First Feds Get Fit Cook-off dishes winning, healthy recipes

Five federal employees competed Tuesday in the first annual, "Feds Get Fit Cook-off" at the Office of Personnel Management in Washington.
By Ed O'Keefe
Washington Post Staff Writer
Thursday, April 22, 2010

A trio of expert foodies agree: There's a Roasted Tomato Curry Coconut Soup With Shrimp and Peas you must try. But it's not on the menus of the District's top restaurants or lunchtime chains; instead it has been served to only a few employees at the Social Security Administration.

Melissa Knoll, 27, of Bethesda is a social science research analyst for SSA during the day, studying the behavioral and psychological reasons why and when people retire. But in her off hours, she's dreaming up recipes in the kitchen, including her soup, which combines a cauliflower curry recipe with a roasted tomato basil brew, she said.

"I kind of just combined the flavors and added the shrimp," Knoll told three "celebrity" judges Tuesday at the first Feds Get Fit Cook-off, organized by the Office of Personnel Management.

The agency launched the Feds Get Fit program in fall to promote healthy living and exercise. OPM Director John Berry granted time off last month for his agency's workers to walk and see the nearby cherry blossoms, and a fitness challenge is planned for September. Similar efforts are underway in Atlanta, Baltimore, Chicago, Minneapolis, New Orleans, Pittsburgh and St. Louis, cities with large pockets of federal workers.

"Top Chef" finalist and caterer Carla Hall, nutritionist Robyn Webb and WHUR radio personality and fitness guru Daryl Haley served as Tuesday's judges after selecting the five finalists from more than 180 Washington-area submissions.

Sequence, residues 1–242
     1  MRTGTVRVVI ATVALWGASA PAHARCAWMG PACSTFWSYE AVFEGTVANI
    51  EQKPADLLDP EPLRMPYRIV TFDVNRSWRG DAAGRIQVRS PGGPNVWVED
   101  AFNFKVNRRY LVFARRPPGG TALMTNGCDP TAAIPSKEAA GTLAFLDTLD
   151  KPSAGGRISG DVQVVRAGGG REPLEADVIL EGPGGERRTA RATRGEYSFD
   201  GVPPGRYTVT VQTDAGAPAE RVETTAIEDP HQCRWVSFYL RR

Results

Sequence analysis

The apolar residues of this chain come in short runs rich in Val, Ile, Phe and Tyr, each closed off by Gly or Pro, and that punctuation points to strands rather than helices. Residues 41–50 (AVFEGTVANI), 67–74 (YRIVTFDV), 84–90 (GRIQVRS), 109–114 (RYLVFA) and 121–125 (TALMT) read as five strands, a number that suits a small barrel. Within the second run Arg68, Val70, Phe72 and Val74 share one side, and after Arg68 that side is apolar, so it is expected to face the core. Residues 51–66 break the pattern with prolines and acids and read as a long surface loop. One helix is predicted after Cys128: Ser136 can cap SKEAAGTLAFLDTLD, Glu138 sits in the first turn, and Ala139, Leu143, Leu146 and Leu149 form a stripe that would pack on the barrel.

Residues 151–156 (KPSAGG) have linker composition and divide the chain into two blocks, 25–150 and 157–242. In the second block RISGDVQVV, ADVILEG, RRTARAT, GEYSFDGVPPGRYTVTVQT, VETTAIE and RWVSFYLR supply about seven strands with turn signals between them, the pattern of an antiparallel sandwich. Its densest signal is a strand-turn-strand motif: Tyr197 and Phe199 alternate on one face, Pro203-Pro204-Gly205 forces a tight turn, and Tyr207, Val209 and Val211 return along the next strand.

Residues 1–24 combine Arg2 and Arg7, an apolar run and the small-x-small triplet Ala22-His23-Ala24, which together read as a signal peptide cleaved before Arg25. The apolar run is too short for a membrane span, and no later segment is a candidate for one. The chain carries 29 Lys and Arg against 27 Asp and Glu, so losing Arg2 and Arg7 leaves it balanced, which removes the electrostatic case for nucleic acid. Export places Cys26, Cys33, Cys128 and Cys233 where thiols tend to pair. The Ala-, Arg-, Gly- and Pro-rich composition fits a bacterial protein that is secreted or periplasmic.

In a scene resembling the chaos of Bravo's "Top Chef," the five contestants diced, chopped, sauteed and seasoned their dishes as hungry colleagues and reporters watched.

Knoll made her soup while Sapna Lulla, 25, a Federal Aviation Administration employee from Arlington, prepared Indian-style kabobs. Marcie Stone, 30, a policy analyst with the Federal Emergency Management Agency, baked Crantastic Choco Chews, and Housing and Urban Development employee Tobey Zimber, 38, whipped up a Quinoa Sunshine Salad With Asian Dressing. The Interior Department's Alexandra Ritchie, 30, made a fruit salsa and ceviche medley.

Knoll's soup prevailed, with its aroma, texture and wise mix of ingredients. Knoll thanked her immersion blender, while Hall credited the contestants for using natural ingredients instead of low-fat substitutes.

"Just cut back," she said later. "If you make it such that people think they're giving so much up, they'll fall off the wagon."

She agreed to participate because of the contest's potential to spread a healthy message across the government. "Considering that 2 million people work for the government, that's 2 million people carrying this message out."

OPM Deputy Director Christine M. Griffin agreed. "I think our concern overall is that we provide people with the opportunities and the tools to be healthier," she said.

OPM plans to publish the five recipes online and hopes agencies will include them on their cafeteria menus.

"We'd like to do something here. Maybe that soup," Griffin said, eyeing a bowl. "I mean, the judges were raving about the soup."

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